That’s all I’ve managed to accomplish on the writing front this week. I did manage to write 3,532 words last week, so I am making progress.

Hopefully in the next few weeks I can find a way to balance writing and teaching and really get some work done on the Cabot Sisters series. I also want to get back into a blogging and social media routine. I try to visit three to five blogs a day, but that just hasn’t been happening lately. Please bear with me as I seek ever-elusive balance.

A Round of Words in 80 Days is the writing challenge that knows you have a life. Click here to cheer on fellow participants!

What about you? How is your writing coming along? What projects are you working on? How do you find balance in your life?

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How to write a compelling first line, paragraph, or page

It’s no secret. Writing the opening sentences, paragraphs, and pages of a book is hard. I read a lot of book beginnings, not just because I read a lot of books but because, as a Kindle user with a seemingly endless number of books available at the press of a button, I read a lot of samples. Some of them grab me right away. Others are strong but start slower. Still others don’t appeal to me, so I set them aside.

What are you looking for in a book opening? Here are a few things that I look for:

An interesting main character

I prefer them to be likeable and clever and think for themselves, but sometimes a character who starts out as unlikeable becomes likeable over the course of the book. But what I want is a well-drawn character that I like enough—or am intrigued enough by—to stick with their story for hundreds of pages.

I love Harry Potter right away because, despite the fact that the Dursleys treat him terribly, he still seems like a good person. He’s becoming a good person despite the way they treat him. We get a sense of that right away. We get a sense that he’s destined for so much more than living in the Cupboard Under the Stairs.

A hook

I want the writing to grab me immediately. Yasmine Galenorn opens her book “Dragon Wytch” with the following line:

“There was pixie dust in the air.”

It seems deceptively simple, but I kept reading because this opening got me thinking. Is that a good thing or a bad thing? What does that mean? What’s going to happen? Are pixies in this world evil, mischievous, or sweet? How will the character react?

A good opening raises a question to which we must read on to find the answer. Charles Dickens opens his famous novel “A Tale of Two Cities” with this infamous line:

“It was the best of times; it was the worst of times.”

And we read on because, well, how can it be the best and the worst at the same time? We’re intrigued; we’re hooked.

An opening disturbance

We don’t want to spend twenty pages following a character around as they muse about the weather, chat with their friends, walk through the forest, or go to work. We want to be quickly plunged into the action, and an opening disturbance does just that.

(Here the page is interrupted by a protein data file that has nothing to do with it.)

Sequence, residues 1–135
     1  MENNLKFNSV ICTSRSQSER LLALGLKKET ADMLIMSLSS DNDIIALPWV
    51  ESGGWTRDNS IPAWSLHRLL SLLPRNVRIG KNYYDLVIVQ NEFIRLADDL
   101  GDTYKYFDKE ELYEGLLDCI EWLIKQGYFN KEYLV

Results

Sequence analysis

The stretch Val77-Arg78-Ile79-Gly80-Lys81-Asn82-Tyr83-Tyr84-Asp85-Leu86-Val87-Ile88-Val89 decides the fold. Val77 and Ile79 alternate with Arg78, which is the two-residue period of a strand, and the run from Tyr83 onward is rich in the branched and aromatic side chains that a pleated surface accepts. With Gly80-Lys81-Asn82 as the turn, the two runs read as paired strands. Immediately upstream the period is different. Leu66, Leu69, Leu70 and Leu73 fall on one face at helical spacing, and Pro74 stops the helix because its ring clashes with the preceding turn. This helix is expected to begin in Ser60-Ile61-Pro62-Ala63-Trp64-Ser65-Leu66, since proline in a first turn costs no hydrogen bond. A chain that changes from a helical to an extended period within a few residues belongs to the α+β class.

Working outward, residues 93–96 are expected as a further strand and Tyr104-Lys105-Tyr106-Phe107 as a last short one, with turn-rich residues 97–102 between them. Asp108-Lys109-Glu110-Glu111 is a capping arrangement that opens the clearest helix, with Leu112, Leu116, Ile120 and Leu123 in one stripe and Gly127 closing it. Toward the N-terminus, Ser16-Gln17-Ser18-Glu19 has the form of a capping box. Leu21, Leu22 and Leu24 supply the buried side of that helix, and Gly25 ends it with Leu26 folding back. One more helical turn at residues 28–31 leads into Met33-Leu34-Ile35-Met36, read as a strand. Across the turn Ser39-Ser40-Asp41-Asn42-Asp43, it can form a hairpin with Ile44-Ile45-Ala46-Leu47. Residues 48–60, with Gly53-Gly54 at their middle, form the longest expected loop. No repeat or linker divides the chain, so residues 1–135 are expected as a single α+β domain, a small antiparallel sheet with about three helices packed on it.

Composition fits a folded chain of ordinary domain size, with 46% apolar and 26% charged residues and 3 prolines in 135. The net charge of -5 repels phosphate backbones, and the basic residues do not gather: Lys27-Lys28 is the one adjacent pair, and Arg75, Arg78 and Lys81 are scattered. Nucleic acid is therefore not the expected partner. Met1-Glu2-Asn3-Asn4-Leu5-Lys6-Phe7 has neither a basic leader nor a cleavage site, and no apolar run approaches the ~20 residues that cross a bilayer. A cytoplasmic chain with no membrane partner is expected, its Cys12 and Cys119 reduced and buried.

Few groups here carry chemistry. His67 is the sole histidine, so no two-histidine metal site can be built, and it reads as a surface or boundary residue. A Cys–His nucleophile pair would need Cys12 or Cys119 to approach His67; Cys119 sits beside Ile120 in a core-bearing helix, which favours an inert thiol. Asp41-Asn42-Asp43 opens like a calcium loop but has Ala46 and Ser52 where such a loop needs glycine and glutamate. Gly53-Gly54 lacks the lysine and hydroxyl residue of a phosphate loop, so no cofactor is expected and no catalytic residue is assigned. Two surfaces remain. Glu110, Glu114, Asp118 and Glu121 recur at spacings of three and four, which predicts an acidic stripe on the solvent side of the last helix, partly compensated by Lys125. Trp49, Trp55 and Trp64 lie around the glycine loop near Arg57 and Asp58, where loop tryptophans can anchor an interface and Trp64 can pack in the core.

That doesn’t mean we can’t open with a seemingly normal, everyday scene—a teenager waiting for the bus, a woman walking into the bookstore she owns, a man stepping off a train and onto the platform. But the opening disturbance needs to quickly follow. For example, the teenager waiting for the bus sees a ghost, the woman walking into her bookstore finds it ransacked, the man stepping off the train meets a stranger. Something happens that shakes up the main character’s everyday routine.


If I pick up a book and find three typos in the first five pages, I’m not likely to buy it. What if I purchase it and find the rest of the book riddled with typos? If we find a lot of typos up front, we’re less likely to feel that the book can deliver on the promise of being a page-turning or thought-provoking work of fiction. In short, typos are distracting; they pull us out of the story and back into our workaday lives.

I think if the opening sentences, paragraphs, and pages of a book have these things, we’re much more likely to read on. I don’t want to read twenty pages of the woman walking through her bookstore, opening boxes, dusting the shelves, counting the change in the cash register. I want something to happen. I want an old flame to walk in the door. I want the place to be turned upside-down. I want a vampire to slink out of the corner. Something. And if it’s something happening to a character who intrigues us and the story is written in an engaging way, we’re much more likely to keep reading.

Lastly, a midweek ROW80 check-in…

So, I’ve decided to set a goal of writing 3,000 words/week during the semester. I don’t want to burn myself out, and 3K seems like a word count I can manage and still find time for grading and class prep, etc.

So far this week I’ve written 1,479 words in “Chosen by Magic.”

I haven’t managed to read any chapters in a book on writing. Hopefully next week I can get back into that.

A Round of Words in 80 Days is the writing challenge that knows you have a life. Click here to cheer on fellow participants.

What about you? What do you look for in a book opening? What hooks you and draws you into a story? And what is your favorite opening line to a book? Please share below!